The Yankees are in first place in the AL East. They got there because of the performance of their elite relievers, MVP-like seasons from Gary Sanchez and DJ LeMahieu and timely hitting from the long list of Replacement Yankees which have appeared in games. The starting pitching has played a very limited role in the team’s success.
The Yankees have played 58 games or 36 percent of their season. In those 58 games, they have received only 20 “quality starts” (at least six innings pitched and three earned runs or less) and their starting pitcher has pitched at least six innings only 22 times. That’s a problem. A huge problem.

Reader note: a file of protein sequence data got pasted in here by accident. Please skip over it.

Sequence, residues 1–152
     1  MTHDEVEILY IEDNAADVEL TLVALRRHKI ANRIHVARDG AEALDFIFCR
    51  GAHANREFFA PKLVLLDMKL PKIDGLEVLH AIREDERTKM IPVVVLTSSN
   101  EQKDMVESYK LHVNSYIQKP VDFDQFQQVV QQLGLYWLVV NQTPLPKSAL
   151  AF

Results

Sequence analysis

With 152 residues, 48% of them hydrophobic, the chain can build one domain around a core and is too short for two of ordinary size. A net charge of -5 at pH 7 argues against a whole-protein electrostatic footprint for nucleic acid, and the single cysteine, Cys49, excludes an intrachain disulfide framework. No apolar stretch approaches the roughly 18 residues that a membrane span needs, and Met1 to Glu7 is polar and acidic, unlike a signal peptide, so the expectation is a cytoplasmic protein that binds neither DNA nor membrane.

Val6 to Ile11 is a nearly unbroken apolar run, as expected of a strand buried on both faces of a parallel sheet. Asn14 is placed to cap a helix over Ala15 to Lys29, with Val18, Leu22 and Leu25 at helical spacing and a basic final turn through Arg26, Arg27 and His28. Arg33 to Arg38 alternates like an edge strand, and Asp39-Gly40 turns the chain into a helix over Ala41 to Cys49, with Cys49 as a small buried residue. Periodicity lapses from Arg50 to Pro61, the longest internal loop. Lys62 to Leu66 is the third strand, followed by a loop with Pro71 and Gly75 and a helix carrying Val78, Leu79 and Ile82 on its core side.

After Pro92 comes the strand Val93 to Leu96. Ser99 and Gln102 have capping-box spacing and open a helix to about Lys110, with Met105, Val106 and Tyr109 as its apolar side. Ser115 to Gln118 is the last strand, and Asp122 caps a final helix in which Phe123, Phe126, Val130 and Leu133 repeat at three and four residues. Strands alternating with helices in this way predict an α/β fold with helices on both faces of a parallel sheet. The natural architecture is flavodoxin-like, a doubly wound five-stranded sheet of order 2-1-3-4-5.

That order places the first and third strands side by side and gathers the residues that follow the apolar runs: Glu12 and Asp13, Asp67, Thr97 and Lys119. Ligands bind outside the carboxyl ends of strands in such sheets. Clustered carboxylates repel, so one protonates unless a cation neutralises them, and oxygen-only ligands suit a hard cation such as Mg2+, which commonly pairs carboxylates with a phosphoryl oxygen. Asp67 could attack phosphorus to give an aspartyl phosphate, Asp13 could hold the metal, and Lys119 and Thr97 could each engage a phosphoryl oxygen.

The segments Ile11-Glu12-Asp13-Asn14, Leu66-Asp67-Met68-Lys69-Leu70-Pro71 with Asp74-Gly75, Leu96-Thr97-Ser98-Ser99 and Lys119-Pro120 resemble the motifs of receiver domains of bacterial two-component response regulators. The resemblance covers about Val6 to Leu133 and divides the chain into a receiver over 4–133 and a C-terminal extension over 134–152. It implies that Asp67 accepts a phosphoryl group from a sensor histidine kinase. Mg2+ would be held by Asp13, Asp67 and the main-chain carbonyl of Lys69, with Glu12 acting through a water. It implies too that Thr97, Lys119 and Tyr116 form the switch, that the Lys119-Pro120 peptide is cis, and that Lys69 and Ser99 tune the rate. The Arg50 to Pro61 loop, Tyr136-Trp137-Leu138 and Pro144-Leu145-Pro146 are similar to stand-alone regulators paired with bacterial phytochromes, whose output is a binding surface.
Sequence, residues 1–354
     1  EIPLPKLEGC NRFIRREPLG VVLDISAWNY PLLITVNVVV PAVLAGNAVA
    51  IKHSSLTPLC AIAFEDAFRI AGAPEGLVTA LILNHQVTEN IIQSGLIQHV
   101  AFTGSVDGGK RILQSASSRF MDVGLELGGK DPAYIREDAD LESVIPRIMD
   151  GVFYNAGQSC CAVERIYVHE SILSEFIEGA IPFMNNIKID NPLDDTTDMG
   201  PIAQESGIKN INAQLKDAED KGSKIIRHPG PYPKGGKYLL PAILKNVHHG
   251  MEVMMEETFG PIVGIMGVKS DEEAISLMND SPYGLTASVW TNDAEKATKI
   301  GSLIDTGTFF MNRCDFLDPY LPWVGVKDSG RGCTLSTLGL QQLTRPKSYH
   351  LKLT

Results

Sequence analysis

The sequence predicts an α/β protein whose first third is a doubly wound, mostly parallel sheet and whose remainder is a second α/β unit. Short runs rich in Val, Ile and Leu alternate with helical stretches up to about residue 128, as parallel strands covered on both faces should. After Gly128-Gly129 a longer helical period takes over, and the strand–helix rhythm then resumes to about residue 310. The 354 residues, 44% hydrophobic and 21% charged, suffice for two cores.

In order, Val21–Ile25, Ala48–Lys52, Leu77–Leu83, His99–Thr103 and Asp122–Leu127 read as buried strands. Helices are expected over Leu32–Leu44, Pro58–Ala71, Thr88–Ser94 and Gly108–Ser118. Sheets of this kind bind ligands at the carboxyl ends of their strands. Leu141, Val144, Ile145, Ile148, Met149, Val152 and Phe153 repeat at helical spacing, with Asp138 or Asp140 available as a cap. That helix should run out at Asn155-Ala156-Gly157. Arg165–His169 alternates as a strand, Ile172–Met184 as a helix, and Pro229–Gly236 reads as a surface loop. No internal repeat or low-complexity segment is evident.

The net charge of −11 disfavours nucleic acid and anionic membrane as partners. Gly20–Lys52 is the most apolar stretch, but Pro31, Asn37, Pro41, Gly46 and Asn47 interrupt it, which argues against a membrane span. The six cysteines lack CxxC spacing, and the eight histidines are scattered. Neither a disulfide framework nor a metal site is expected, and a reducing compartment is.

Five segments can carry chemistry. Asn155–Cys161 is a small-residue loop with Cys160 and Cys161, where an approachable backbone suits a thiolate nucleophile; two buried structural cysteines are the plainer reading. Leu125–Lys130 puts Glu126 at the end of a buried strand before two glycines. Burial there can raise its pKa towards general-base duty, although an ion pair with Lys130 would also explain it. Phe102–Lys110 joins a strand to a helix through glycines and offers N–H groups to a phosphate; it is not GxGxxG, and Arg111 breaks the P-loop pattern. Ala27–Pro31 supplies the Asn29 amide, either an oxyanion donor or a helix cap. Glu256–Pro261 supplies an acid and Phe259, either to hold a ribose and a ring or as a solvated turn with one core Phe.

The Yankees’ formula for winning is to get five innings from their starter and let the best bullpen in baseball get the final 12 outs of the game. This formula prevents the opposition from seeing the Yankees’ starter for a third time and welcomes them with fastballs around triple digits from every reliever along with the ridiculous slider of Aroldis Chapman, the unhittable curveball of Dellin Betances, the never-ending arsenal of sliders from Adam Ottavino, the impossible-to-get-under sinker of Zack Britton and the disappearing changeup of Tommy Kahnle. But this is really the Yankees’ formula for winning in the postseason. It can’t be used day in and day out in the regular season or it won’t work when it’s needed most.